The fields in the IPv6 packet header include:
- Version - This field contains a 4-bit binary value identifying the IP packet version. For IPv6 packets, this field is always set to 0110.
- Traffic Class - This 8-bit field is equivalent to the IPv4 Differentiated Services (DS) field. It also contains a 6-bit Differentiated Services Code Point (DSCP) value used to classify packets and a 2-bit Explicit Congestion Notification (ECN) used for traffic congestion control.
- Flow Label - This 20-bit field provides a special service for real-time applications. It can be used to inform routers and switches to maintain the same path for the packet flow so that packets are not reordered.
- Payload Length - This 16-bit field is equivalent to the Total Length field in the IPv4 header. It defines the entire packet (fragment) size, including header and optional extensions.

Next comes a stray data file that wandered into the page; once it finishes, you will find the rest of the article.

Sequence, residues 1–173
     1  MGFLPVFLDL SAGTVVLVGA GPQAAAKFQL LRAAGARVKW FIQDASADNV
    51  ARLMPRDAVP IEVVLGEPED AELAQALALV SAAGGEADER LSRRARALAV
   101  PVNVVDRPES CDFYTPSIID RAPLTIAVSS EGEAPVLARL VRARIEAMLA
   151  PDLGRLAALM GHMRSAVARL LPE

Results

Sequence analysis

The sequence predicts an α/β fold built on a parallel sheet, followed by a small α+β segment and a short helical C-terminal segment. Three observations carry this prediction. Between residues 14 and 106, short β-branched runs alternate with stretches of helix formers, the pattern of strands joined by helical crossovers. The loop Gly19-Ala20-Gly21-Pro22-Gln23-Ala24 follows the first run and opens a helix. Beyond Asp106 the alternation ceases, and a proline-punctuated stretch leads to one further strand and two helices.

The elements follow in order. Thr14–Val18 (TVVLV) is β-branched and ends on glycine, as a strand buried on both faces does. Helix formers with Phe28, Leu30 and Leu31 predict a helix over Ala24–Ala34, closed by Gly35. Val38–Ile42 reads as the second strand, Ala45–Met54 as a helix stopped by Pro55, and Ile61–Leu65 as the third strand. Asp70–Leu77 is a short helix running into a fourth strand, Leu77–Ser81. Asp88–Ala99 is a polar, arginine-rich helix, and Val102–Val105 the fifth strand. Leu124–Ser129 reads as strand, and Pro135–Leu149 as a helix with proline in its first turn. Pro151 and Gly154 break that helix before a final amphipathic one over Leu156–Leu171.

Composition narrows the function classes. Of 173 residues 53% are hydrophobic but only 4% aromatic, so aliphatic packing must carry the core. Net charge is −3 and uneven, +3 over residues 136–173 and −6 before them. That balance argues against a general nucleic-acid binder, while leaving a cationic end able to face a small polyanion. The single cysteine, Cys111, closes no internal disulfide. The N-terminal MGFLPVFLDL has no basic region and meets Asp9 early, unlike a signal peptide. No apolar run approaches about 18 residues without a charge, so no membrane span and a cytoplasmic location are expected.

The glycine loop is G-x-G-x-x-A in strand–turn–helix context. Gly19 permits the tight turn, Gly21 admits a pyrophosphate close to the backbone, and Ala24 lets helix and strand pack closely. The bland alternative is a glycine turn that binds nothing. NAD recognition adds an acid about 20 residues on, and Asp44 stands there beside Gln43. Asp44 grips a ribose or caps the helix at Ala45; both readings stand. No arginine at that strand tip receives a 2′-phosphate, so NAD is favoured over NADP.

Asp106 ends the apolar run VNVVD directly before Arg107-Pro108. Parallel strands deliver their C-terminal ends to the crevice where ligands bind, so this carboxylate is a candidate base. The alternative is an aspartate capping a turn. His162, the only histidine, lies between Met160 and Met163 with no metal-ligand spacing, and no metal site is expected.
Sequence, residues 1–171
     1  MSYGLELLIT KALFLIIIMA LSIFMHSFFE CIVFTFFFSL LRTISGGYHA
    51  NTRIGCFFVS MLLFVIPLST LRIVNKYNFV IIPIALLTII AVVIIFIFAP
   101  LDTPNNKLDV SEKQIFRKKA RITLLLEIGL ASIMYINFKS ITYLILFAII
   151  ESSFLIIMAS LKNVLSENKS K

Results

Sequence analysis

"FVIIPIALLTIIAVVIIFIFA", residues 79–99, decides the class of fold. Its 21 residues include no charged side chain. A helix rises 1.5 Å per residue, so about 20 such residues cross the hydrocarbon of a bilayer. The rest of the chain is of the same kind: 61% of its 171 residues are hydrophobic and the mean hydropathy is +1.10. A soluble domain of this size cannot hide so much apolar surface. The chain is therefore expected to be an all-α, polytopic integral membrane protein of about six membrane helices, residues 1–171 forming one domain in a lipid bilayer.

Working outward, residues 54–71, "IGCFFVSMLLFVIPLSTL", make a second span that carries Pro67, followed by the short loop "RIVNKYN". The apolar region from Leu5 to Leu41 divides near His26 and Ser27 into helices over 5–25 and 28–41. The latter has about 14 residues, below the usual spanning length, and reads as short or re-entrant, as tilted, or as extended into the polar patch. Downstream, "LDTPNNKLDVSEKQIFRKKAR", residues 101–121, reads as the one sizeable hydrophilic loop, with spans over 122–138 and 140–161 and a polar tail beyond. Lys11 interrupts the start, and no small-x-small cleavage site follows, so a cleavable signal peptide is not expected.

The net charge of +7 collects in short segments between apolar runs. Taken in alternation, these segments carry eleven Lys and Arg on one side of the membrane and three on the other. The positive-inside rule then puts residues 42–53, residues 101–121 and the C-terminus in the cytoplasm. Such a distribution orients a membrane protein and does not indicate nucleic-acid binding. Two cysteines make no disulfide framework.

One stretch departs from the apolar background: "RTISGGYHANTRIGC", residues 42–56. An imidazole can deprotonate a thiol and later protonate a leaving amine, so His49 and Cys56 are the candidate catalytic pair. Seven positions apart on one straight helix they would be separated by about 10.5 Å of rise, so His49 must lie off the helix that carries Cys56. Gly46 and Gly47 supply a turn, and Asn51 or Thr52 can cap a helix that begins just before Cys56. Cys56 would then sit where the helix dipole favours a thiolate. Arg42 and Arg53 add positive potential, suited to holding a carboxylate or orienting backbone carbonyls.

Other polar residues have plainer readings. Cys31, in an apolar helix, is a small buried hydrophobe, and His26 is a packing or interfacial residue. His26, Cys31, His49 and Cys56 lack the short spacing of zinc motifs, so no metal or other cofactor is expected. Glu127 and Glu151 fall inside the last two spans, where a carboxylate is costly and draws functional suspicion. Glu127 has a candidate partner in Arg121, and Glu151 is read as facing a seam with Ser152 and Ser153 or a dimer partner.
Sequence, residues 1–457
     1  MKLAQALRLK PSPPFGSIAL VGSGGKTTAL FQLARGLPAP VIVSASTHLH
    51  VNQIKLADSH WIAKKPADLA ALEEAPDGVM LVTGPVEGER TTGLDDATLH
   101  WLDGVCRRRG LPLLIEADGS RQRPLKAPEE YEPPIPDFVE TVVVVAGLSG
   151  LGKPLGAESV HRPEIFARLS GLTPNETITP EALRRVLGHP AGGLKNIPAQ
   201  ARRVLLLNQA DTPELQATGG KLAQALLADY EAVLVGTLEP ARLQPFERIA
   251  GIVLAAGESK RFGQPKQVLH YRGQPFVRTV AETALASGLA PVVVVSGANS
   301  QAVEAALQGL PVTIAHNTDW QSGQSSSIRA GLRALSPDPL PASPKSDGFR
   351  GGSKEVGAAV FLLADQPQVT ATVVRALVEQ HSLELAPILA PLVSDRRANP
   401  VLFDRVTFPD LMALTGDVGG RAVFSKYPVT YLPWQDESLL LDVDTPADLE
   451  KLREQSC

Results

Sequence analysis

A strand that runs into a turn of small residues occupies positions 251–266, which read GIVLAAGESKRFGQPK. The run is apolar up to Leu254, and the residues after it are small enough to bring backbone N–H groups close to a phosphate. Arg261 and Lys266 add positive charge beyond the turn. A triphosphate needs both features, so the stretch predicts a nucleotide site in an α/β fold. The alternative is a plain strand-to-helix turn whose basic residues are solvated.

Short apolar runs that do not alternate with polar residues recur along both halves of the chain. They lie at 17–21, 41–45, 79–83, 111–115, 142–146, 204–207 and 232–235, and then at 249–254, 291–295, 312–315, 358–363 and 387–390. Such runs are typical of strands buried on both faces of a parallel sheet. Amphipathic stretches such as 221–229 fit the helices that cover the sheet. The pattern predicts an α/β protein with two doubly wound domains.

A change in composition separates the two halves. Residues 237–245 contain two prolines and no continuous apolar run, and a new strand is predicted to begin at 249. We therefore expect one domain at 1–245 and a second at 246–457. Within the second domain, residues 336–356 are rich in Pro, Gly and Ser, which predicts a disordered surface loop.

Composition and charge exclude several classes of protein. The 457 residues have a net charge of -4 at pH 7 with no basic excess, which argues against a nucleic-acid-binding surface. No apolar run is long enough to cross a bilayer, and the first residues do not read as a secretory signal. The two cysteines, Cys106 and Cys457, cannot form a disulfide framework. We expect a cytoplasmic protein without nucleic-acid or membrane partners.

- Next Header - This 8-bit field is equivalent to the IPv4 Protocol field. It indicates the data payload type that the packet is carrying, enabling the network layer to pass the data to the appropriate upper-layer protocol. This field is also used if there are optional extension headers added to the IPv6 packet.
- Hop Limit: - This 8-bit field replaces the IPv4 TTL field. This value is decremented by one by each router that forwards the packet. When the counter reaches 0 the packet is discarded and an ICMPv6 message is forwarded to the sending host, indicating that the packet did not reach its destination.
- Source Address - This 128-bit field identifies the IPv6 address of the receiving host.
- Destination Address - This 128-bit field identifies the IPv6 address of the receiving host.
An IPv6 packet may also contain extension headers (EH), which provide optional network layer information. Extension headers are optional and are placed between the IPv6 header and the payload. EHs are used for fragmentation, security, to support mobility, and more.